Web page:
Outcome 4 - For older people with impaired vision, whether treatable or not, measures should be taken to optimise the visual environment, remove physical hazards, and reduce other fall risk factors. Adding treatment of poor vision to exercise and hazard management in the home has been shown to produce an additional 14% reduction in the annual fall rate, compared to no intervention.

There is also a need to raise awareness of the domiciliary optometry service; if a patient is housebound and unable to access a community practice an optometrist can provide a sight test at home.

References 

  • Day L., Filders B, Gordon I. et al. Randomised factorial trial of falls prevention among older people living in their own homes BMJ 2002 325 128

Outcome 5 – We would like to see increased visibility of and emphasis on interventions that encourage regular eye examinations with an optometrist as an important healthy lifestyle behaviour. Encouraging older people to have regular eye examinations should help reduce falls caused by visual problems. Visual impairment is associated with a significant increased risk of falls and a reduced ability to live independently.

As mentioned in our comments under Outcome 2, optometrists are in a good position to help deliver public health messages on lifestyle choices thanks to the frontline nature of the profession, and the high levels of patient coverage.

References 


Outcome 6 - See our comments under Outcome 5 above.


Outcome 7 - All older people undergoing a falls assessment should be screened for visual impairment and those found to have a visual impairment should have a full eye examination by an optometrist. All older people should be encouraged to have regular eye examinations.

As mentioned in our comments under Outcome 2 above, optometrists are in a good position to have “falls conversations” with patients thanks to the frontline nature of the profession, and the high levels of patient coverage. Optometrists have expertise on visual factors that cause falls and how to manage them, such as the need for cautious prescribing of multifocal lenses to older people.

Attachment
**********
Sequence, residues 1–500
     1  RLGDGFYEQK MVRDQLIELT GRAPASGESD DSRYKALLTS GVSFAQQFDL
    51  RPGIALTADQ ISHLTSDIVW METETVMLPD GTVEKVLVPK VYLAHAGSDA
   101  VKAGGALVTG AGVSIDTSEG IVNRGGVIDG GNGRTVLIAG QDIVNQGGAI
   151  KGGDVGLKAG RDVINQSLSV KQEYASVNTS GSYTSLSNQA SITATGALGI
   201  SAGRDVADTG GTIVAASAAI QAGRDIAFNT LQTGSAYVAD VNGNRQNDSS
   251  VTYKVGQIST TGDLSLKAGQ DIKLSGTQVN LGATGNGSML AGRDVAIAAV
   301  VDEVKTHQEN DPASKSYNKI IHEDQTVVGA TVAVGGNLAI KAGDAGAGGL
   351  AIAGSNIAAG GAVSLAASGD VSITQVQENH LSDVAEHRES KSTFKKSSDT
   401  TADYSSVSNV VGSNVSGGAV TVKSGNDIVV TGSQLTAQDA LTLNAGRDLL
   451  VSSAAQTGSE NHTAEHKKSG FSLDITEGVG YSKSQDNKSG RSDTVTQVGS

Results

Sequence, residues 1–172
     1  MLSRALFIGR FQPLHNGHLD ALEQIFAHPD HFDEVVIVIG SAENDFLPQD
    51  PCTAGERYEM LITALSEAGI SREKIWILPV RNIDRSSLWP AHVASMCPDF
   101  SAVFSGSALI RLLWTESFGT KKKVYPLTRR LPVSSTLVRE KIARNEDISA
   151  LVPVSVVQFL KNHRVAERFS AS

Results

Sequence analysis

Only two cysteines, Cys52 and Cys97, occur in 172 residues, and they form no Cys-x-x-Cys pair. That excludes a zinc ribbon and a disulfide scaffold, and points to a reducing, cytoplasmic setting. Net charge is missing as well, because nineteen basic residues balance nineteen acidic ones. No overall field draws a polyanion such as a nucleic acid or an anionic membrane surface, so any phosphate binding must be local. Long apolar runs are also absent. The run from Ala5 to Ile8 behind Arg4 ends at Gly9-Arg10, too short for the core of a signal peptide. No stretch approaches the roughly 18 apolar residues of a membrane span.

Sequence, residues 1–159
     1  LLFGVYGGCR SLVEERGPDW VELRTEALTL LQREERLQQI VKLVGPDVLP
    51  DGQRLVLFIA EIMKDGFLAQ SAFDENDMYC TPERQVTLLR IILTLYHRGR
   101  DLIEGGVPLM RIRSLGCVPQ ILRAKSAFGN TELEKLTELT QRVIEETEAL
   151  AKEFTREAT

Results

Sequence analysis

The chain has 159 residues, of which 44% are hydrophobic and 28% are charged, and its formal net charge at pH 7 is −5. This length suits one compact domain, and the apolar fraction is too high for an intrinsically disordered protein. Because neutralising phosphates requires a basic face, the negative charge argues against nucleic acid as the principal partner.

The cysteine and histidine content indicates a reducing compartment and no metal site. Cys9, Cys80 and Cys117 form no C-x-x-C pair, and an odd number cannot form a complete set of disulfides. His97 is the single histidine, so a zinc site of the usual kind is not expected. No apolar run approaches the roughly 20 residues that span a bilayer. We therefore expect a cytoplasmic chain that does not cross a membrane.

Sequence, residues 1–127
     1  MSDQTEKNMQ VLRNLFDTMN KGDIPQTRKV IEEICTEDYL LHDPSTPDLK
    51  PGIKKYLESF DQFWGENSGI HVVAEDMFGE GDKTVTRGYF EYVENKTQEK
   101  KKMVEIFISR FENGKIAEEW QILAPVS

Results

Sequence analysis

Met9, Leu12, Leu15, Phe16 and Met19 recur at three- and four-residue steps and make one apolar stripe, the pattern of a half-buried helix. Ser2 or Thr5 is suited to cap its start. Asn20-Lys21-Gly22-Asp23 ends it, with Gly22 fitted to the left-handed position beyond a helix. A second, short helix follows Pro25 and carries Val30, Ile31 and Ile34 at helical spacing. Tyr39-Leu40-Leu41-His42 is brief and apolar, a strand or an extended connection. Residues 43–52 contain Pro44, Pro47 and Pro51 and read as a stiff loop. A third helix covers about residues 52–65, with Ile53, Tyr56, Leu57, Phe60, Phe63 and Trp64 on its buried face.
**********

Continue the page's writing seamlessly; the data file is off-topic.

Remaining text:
Outcome 8 - n/a

Outcome 9 - 850,000 people are living with dementia in the UK, with two-thirds living in private households, and one-third living in some form of institutional care setting. The risks of visual impairment and dementia both increase with age, and the UK’s ageing population will lead to many more people living with both dementia and sight loss. The impact on quality of life of having both sight loss and dementia are much more severe than those resulting from either dementia or sight loss alone.

The government-funded Prevalence of Visual Impairment in Dementia project (PrOVIDe) led by the College of Optometrists  found that the prevalence of visual impairment (VI) in those with dementia is generally higher than for the overall population, indicating that the lives of many people with dementia could be improved by regular sight tests and taking appropriate action.

The College’s research also found that almost 50% of those living with dementia and VI were no longer classified as visually impaired when wearing their up-to-date spectacle prescription, highlighting the importance and impact of eye examinations in this group of people.

This research will help professionals and family members to understand the importance of vision to those with dementia. If they are unable to access a community practice unaccompanied, people living with dementia can have eye examinations in their home but PrOVIDe showed that many carers were not aware of this. Our research showed that it was possible to conduct key components of an eye exam with more than 80% of PrOVIDe participants.
 
Awareness on how good vision will help people with dementia live better, and possibly slow their decline should be raised.

References 

  • Bowen M, Edgar DF, Hancock B, Haque S, Shah R, Buchanan S, et al. The Prevalence of Visual Impairment in People with Dementia (the PrOVIDe study): a cross sectional study of 60-89 year old people with dementia and qualitative exploration of individual, carer and professional perspectives. Health Serv Deliv Res 2016;4(21)
  • New research shows vision and hearing loss may raise risk of dementia in older adults, Alzheimer’s Society. 

Outcome 10 - Care homes: People in residential care and nursing homes are at an increased risk of falls, and it has been estimated that the falls incidence in nursing care facilitites is three times that in the community. These people are at risk of having their eye problems overlooked.